When we reflect on this sentence on David, we see a strict law of karma at work, a balancing of actions and consequences. David’s sin was violence against the household of Uriah. Hence violence will boomerang back on his own household:  brother against sister, brother against brother, son against father, as will unfold in the following chapters. Robert Barron points out that this is not divine vindictiveness; it is the working out of an iron law according to which violence provokes violence, and betrayal gives rise to betrayal. The Apostle Paul tells the Galatians that a man reaps what he sows. Barron observes that since we are all connected by ties whose roots go very deep, our negative behavior necessarily has a ripple effect on others in all directions. This was true in David’s world; it is true in our world today.


“You are the man!” It is God who speaks to David through the prophet Nathan. We have already seen in David our tendency to suppress the truth. We do not want to bring it to the light. It is too painful to face. That is why we don’t hear God’s voice. For us God is still on mute.


But God does not address to us these words because he wants to crush us, because he wants to bring the hammer down and smash us to pieces. He does so because he wants to heal and forgive and restore. This is what we meant when we said earlier that God is a God of love and truth.


The Protestant Reformer Martin Luther taught that God’s word comes to us in the twofold form of law and gospel, judgment and grace. The law calls us to come to ourselves, to be honest with ourselves. It calls us to own our stuff. Only then can we hear and receive the message of grace that comes to us through the gospel. “You are the man!” or “You are the woman!” is not ultimately a sentence of condemnation. It is a designation of the recipient of God’s grace. “You are the one on whom God bestows grace, the grace that heals and forgives and restores.” In this connection, Luther also said, somewhat paradoxically, that if you are not a sinner, then you better become one, because it is only on sinners that God bestows grace.


The gospel lesson for today follows up on the account of the feeding of the five thousand recorded earlier in John 6. You will remember the sequence of events there: recognition that there is not enough to eat, Jesus’ instruction to feed the people anyway, incredulity on the part of the disciples, and the miraculous provision of food, with enough left over.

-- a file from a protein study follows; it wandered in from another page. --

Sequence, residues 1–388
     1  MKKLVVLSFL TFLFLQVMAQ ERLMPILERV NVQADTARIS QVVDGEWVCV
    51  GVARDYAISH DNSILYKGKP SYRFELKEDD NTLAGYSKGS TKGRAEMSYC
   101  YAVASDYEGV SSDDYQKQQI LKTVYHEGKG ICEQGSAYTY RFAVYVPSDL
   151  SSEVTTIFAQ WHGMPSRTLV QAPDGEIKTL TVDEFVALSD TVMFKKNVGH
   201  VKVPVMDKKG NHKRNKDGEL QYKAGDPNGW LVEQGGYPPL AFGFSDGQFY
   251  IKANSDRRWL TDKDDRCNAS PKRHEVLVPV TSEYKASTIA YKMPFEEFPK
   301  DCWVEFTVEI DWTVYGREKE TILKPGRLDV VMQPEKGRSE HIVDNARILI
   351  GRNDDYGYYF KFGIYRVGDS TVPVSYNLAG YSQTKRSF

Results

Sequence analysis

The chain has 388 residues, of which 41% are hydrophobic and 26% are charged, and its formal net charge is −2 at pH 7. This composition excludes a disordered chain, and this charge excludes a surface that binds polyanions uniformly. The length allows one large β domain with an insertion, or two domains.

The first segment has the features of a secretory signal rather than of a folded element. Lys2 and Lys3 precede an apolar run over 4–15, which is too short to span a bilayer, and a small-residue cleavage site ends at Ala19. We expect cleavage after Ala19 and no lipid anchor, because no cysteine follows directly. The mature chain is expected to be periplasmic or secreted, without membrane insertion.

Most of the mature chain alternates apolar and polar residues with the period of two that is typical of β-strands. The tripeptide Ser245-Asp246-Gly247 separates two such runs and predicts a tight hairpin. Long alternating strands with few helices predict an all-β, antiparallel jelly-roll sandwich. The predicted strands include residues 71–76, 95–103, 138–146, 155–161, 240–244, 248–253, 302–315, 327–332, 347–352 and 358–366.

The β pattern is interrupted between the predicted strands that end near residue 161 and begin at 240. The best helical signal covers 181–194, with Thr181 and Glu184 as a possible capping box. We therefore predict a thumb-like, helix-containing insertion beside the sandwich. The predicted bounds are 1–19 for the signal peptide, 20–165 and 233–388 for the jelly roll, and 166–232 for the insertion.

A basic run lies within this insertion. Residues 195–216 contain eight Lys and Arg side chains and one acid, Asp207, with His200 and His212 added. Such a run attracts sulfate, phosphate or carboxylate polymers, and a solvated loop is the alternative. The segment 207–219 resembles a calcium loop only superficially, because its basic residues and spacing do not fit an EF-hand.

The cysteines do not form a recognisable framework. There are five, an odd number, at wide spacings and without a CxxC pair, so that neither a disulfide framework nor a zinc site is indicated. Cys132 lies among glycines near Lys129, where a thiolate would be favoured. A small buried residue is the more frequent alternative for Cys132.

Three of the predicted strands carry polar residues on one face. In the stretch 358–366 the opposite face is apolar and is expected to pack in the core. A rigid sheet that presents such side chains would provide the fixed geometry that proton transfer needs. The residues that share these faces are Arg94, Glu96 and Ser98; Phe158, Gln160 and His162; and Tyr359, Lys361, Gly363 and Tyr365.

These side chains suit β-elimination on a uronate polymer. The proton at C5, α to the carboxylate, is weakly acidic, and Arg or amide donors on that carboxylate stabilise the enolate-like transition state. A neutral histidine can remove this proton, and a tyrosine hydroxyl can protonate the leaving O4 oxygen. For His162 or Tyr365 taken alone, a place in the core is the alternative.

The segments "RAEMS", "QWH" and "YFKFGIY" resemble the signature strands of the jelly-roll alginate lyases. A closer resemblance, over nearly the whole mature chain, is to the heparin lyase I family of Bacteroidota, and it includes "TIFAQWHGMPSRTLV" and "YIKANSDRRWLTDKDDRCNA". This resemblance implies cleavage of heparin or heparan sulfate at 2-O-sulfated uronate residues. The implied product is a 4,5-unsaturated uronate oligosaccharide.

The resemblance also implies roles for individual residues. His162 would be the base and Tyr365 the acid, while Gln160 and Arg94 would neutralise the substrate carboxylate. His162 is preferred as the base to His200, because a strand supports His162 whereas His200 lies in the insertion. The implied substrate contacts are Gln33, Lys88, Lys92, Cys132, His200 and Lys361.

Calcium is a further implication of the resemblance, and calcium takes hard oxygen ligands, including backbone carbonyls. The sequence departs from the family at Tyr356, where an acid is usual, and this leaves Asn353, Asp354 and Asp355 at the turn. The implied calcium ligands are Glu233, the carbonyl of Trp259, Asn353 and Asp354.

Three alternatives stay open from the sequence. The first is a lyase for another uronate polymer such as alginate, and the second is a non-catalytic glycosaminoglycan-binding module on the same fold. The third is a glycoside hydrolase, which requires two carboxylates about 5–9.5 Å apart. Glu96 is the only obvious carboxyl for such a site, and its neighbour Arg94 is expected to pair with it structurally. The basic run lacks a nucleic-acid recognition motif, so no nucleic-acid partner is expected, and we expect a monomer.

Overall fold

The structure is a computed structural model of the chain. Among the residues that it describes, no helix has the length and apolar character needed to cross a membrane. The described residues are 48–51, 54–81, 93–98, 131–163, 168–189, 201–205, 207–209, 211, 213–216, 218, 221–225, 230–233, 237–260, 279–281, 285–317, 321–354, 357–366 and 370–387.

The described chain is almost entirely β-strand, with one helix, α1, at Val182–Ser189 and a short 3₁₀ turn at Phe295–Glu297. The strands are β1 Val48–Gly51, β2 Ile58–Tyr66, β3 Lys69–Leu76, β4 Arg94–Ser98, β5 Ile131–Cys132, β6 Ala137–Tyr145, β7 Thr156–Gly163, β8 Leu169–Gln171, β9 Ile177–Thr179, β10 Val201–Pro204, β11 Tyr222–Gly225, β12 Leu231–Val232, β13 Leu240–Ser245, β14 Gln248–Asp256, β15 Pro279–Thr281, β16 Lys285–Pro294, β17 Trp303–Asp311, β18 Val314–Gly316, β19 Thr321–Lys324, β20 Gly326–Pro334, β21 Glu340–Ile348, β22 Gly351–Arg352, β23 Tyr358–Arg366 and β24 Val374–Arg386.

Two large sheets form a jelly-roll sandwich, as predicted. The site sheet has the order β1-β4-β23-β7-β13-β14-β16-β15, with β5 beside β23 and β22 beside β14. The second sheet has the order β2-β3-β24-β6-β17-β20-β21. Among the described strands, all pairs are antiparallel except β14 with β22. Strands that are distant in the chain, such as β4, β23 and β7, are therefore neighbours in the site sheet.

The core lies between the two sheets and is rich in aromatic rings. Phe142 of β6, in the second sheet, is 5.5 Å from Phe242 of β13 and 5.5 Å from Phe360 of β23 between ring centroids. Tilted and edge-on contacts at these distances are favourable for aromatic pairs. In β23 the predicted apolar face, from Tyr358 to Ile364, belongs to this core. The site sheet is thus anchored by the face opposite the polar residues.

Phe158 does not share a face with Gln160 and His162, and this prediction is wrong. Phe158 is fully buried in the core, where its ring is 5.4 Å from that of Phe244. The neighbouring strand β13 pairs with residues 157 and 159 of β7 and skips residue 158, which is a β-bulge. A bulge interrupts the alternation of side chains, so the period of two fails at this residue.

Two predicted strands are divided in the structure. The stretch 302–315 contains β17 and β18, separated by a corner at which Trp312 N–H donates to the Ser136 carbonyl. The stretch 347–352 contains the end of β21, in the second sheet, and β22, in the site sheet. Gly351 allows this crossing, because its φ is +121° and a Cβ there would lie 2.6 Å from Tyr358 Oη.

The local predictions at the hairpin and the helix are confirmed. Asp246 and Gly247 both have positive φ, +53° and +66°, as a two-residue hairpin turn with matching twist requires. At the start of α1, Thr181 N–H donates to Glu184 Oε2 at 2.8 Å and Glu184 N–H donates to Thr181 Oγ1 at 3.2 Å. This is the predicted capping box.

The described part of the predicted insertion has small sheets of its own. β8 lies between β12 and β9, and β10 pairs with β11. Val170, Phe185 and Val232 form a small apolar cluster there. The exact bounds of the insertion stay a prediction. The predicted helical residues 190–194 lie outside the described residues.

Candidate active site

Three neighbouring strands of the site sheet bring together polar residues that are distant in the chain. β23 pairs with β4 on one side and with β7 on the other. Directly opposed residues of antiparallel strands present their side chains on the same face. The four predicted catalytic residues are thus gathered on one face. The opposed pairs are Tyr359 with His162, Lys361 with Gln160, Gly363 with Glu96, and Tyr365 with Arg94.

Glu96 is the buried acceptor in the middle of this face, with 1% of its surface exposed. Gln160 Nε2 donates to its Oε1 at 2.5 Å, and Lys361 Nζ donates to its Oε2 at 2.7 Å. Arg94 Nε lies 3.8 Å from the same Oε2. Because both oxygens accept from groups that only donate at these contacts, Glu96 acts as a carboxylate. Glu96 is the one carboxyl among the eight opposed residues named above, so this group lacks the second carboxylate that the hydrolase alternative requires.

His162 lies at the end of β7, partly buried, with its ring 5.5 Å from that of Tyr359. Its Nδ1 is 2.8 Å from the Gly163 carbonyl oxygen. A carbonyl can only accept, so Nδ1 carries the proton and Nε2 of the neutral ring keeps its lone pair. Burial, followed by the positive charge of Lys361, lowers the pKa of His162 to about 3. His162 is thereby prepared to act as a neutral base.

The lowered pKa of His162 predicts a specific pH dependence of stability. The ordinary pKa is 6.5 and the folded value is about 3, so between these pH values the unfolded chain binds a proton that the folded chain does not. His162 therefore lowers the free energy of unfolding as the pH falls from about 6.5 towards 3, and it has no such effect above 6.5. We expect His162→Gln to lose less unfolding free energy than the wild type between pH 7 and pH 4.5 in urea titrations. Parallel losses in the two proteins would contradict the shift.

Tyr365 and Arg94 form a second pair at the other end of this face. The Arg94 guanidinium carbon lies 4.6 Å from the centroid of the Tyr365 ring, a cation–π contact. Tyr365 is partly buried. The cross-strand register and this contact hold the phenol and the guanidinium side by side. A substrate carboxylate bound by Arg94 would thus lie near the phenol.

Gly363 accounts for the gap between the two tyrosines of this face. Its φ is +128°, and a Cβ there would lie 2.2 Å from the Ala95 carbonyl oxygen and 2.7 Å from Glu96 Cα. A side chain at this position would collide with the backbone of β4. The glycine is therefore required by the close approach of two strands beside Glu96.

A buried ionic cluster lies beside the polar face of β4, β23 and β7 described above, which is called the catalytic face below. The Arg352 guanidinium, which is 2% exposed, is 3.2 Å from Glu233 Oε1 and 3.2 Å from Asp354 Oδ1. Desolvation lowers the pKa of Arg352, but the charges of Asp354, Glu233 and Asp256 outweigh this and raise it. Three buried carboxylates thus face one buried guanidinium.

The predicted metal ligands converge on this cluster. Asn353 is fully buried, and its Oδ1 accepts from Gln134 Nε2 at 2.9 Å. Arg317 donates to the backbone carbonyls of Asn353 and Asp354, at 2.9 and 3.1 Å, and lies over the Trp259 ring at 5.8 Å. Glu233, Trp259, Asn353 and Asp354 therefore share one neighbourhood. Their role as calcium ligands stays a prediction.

After the people ate, Jesus set out and crossed to the other side of the sea. He is not there for long, however, before some who were there at the spectacular feast track him down. Naturally, the miracle prompted them to go after him to find out who he really is. Jesus uses the opportunity to teach them. The bread has a deeper meaning. It points to Jesus who is the true bread from heaven for the life of the world.


Jesus is the grace of God embodied. Grace is gift. Grace, especially God’s grace, is generous, abundant, and overflowing gift. Recall that after feeding the crowds, the disciples picked up enough leftovers to fill twelve baskets. This is meant to teach us about the abundance of God’s grace. This made an impression on the Apostle Paul. He’s able to say that “where sin abounded, grace abounds all the more.”


After Nathan pronounces sentence, David responds: “I have sinned against the Lord.”  But David does not die. God forgives him. God’s grace is greater than David’s sin, than our sin. Where sin abounds, grace abounds all the more.


How are we to respond to such a gift? We express our gratitude to the giver. Gratitude wells up within us when we see and receive the gift. It is implied in the very word Eucharist, which comes from the Greek word for thanksgiving.


We should already know that in several church traditions the act of Communion, which we are about to undertake, is called Eucharist. We come to the table then with thanksgiving. We see in the bread of the Lord’s Supper the abundance of God’s grace. It is grace greater than our sin. Let us, then, come to the table with a conscience at peace with itself and a heart that is grateful to God. Amen.